If your child has ever complained to you about having too little milk in a glass (“But I’m thirsty!”) and then after you added more, complained that it was too much (“I can’t finish it all!”), you know how challenging it can be to find the right balance in parenting. It’s like how Goldilocks wanted her porridge to be in the fairy tale. Not too hot, not too cold, but “just right.”
Finding techniques that are “just right” for a child’s autonomy can have a positive effect on the child’s Executive Function development.
Most parents, when helping their child to achieve some goal such as finishing a puzzle or completing homework, display one of a few different parenting styles: laissez-faire, or laid-back, sometimes to the point of not being present enough, controlling, or autonomy-supportive.
As you might have guessed, autonomy-supportive parenting works because it’s “just right.” It balances being patient and stepping back with being helpful and involved. When children master challenging tasks with this “just right” level of support from parents, they develop autonomy. This gives them a sense of personal agency (“I did it!”) and self-efficacy (“I’m good at figuring things out even if they are hard at first”).
What does this mean for you as a parent?
First, try to be mindful of how you parent. It’s not always easy to know when you’re helping too much or too little. However, you can always ask yourself, “Is this something my child could do on his own without help?” If so, you may want to try stepping back. Simply being mindful of the “just right” level of support can make a big difference. It can help you know when it’s okay to let your child fail at a task.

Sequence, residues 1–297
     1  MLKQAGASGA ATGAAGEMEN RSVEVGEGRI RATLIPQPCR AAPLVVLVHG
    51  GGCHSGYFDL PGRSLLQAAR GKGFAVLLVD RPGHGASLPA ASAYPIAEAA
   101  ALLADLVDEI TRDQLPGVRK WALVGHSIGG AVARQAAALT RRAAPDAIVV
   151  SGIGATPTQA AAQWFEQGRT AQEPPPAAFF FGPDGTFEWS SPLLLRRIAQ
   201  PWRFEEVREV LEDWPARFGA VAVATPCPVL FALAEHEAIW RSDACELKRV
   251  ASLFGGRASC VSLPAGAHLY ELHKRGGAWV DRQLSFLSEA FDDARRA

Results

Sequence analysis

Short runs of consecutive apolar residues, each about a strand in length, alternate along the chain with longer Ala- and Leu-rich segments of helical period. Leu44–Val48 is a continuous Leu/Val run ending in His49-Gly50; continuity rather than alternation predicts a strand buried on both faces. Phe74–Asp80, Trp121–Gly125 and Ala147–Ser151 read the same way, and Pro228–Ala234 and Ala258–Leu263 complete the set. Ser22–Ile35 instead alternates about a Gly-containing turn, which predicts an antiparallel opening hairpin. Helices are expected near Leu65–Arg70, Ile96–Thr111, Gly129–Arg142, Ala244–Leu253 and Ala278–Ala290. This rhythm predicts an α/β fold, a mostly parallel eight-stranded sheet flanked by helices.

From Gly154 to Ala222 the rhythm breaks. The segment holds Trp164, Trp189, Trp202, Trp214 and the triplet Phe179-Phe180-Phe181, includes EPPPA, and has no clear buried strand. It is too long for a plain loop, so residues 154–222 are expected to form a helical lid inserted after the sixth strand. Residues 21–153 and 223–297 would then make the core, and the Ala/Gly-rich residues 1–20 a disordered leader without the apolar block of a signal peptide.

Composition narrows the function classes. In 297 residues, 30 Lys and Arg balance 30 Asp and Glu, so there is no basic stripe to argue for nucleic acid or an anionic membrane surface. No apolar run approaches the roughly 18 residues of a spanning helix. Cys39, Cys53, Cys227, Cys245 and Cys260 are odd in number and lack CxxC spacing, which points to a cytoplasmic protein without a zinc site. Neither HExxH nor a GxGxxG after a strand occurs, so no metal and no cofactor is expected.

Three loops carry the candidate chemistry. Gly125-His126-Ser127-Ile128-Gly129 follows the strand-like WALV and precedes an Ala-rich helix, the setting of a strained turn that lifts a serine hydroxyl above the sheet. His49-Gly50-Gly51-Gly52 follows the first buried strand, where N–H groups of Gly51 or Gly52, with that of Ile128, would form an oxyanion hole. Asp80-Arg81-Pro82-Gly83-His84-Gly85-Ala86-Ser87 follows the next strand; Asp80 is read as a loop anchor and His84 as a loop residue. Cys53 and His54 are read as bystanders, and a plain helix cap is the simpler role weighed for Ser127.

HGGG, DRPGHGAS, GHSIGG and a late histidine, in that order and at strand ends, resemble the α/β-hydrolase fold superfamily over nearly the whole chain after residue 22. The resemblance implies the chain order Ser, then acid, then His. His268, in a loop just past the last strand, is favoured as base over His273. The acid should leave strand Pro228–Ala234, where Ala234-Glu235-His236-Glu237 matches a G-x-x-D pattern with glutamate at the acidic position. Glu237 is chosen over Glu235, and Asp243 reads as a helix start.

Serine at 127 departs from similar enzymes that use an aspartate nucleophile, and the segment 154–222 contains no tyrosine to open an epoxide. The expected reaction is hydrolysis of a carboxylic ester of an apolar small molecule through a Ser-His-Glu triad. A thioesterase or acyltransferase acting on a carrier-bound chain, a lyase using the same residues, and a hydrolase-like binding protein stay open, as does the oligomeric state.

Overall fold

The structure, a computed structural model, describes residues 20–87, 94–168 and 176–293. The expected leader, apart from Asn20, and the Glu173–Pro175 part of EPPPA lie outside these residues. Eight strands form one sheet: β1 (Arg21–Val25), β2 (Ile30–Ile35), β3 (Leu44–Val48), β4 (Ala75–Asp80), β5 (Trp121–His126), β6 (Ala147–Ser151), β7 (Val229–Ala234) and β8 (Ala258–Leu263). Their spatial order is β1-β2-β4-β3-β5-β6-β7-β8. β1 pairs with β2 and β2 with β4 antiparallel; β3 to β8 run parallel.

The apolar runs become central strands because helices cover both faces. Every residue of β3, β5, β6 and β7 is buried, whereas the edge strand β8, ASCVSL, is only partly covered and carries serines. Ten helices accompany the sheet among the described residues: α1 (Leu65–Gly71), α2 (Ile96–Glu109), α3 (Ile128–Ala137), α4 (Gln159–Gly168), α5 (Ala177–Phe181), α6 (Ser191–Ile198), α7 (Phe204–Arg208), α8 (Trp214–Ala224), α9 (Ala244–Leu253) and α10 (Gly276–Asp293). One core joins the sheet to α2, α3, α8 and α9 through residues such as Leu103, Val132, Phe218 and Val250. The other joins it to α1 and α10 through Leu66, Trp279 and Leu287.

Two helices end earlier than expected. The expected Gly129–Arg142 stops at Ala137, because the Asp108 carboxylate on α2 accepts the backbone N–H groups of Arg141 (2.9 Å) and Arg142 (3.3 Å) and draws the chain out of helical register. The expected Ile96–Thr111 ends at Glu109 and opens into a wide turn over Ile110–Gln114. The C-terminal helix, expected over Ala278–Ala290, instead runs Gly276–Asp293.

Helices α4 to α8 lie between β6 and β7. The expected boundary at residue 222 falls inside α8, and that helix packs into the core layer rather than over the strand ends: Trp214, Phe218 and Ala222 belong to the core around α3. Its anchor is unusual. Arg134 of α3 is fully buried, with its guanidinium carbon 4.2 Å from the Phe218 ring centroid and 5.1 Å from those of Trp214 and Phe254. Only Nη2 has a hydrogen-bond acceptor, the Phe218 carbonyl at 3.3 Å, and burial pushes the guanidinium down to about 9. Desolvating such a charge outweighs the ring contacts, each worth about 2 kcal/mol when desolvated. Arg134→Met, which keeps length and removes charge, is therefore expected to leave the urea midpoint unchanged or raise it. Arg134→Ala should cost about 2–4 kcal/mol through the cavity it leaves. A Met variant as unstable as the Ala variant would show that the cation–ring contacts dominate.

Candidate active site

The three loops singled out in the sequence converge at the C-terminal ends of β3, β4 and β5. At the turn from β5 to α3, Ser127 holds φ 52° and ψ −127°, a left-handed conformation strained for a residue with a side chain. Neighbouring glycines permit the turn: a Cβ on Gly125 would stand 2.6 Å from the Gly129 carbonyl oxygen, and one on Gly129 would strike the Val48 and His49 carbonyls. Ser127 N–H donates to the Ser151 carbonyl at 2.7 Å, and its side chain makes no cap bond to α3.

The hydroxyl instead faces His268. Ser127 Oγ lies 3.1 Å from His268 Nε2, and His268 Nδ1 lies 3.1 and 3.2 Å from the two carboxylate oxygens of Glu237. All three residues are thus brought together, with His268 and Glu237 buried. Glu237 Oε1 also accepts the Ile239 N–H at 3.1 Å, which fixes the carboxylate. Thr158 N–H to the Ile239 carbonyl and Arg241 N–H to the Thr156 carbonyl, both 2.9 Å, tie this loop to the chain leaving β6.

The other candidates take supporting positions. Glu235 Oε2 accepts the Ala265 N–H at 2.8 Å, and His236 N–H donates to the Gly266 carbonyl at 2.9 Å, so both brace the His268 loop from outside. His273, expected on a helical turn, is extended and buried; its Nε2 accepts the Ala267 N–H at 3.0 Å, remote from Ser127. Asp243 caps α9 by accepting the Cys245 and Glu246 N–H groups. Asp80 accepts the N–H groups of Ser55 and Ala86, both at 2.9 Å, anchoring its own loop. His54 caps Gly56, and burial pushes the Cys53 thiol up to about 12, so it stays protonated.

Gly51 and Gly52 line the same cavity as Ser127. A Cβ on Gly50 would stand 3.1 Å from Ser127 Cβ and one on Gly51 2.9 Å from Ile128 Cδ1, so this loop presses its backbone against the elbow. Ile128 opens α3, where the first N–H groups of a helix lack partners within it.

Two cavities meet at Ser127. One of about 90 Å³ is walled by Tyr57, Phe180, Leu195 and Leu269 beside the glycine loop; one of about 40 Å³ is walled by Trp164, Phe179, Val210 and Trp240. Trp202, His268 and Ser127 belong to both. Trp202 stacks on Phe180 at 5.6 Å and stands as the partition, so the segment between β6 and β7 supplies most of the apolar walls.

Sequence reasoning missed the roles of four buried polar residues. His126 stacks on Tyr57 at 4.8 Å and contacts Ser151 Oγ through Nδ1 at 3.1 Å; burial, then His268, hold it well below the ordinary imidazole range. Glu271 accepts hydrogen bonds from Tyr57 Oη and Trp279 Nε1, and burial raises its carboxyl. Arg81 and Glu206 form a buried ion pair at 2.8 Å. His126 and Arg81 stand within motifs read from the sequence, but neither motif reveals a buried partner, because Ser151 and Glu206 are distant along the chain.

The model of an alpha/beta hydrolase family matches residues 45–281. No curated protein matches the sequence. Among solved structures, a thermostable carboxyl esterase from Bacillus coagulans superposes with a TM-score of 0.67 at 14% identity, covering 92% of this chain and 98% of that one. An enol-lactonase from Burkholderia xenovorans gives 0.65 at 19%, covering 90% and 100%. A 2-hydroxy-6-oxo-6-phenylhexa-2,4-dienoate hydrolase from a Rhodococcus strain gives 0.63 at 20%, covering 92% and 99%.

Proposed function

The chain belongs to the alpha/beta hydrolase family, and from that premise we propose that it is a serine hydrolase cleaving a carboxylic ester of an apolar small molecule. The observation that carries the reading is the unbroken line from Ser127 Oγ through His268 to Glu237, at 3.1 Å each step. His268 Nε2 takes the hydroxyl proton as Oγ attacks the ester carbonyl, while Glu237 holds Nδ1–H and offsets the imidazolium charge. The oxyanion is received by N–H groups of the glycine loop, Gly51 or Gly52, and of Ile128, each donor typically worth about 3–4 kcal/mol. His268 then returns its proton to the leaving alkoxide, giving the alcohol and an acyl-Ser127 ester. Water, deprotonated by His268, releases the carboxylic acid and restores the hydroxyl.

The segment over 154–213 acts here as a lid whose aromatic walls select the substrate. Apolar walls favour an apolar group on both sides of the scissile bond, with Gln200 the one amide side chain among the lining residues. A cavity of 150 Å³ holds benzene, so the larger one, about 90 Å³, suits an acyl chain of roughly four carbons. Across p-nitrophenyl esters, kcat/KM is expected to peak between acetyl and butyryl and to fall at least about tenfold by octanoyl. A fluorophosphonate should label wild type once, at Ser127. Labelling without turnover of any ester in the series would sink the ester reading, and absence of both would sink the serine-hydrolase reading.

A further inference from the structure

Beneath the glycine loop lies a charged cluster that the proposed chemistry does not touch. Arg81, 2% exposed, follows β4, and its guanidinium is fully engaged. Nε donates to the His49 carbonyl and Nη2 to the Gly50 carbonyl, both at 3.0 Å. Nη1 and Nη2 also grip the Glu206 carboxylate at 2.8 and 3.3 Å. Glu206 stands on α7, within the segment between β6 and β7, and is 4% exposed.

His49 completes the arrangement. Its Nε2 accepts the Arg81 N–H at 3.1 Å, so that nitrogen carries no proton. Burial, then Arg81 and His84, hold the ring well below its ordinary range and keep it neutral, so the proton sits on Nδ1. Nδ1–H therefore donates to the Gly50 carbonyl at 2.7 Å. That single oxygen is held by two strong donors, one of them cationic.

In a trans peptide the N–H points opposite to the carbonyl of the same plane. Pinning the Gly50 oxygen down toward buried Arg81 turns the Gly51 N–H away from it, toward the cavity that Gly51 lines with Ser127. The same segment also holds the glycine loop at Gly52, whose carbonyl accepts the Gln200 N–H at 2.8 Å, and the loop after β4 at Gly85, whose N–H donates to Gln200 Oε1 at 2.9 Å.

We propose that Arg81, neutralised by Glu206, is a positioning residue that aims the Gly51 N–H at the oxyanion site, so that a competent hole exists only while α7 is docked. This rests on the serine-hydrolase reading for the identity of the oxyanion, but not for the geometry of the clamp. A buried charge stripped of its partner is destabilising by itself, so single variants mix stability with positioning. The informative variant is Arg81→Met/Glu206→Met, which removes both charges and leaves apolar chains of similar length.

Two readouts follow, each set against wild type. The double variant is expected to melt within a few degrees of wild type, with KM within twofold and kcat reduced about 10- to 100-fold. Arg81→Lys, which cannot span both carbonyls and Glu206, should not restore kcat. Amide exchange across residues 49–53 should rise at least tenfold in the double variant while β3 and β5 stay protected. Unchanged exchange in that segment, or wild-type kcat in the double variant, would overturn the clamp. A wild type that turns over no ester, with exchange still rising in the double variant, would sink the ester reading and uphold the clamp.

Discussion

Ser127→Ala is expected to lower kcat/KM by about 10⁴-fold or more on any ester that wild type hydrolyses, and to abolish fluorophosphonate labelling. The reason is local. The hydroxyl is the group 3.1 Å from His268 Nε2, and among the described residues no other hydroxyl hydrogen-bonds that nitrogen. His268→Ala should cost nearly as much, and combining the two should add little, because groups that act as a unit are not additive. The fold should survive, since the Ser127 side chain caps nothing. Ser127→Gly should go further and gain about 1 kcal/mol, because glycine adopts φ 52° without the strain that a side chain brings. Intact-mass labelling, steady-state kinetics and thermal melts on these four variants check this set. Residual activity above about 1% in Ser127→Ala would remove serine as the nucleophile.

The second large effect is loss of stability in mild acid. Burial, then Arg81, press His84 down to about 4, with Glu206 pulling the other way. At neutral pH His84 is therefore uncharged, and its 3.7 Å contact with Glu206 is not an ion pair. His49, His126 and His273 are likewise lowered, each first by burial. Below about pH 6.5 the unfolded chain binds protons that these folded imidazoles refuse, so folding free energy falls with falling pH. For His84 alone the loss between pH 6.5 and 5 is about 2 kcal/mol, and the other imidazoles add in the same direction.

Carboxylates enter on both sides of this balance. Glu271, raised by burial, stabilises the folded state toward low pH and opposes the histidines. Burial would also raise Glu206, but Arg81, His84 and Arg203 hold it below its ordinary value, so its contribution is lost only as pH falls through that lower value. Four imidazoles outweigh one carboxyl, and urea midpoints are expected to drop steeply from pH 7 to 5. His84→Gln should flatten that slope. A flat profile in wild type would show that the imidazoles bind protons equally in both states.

Second, consider doing things to work on your own executive function skills. Doing so can make you a better parent. Start with small things. For instance, try to take time for yourself to recharge, so you don’t get overwhelmed. Learn and practice self-calming techniques, and try out tips for saving time and being more efficient. You also can strengthen your own cognitive flexibility by trying things in different contexts, such as switching up your usual walking route, and mentally role-playing different points of view when you have an interpersonal conflict with a co-worker or partner. If you can model these behaviors for your child while fostering their sense of autonomy and ownership over their own behavior, you are likely to see improvements in your child’s executive function skills.
Most importantly, if you’re in the heat of the moment with your child, and need a reminder, think of Goldilocks. Not too little, not too much, but just right.
To learn more about supporting Executive Function at home, try our FREE course, Supporting Executive Function at Home.
About the Author:
Dr. Stephanie Carlson is currently a Distinguished McKnight University Professor at the Institute of Child Development, University of Minnesota. Prior to this, she was Assistant-to-Associate Professor in the Department of Psychology, University of Washington (1998-2007).
Dr. Carlson is a developmental psychologist and internationally recognized leader in the measurement of executive function in preschool children. She conducts research on ways to promote the healthy development of EF in children and their caregivers. Her work has received funding from federal agencies and non-profit foundations, including the National Institutes of Health, Institute of Education Sciences, John Templeton Foundation, and the Character Lab. Dr. Carlson’s research is highly cited and has been featured in several media outlets, including Time, Newsweek, New York Times Magazine, The Times (UK), Forbes, Wall Street Journal, and National Public Radio.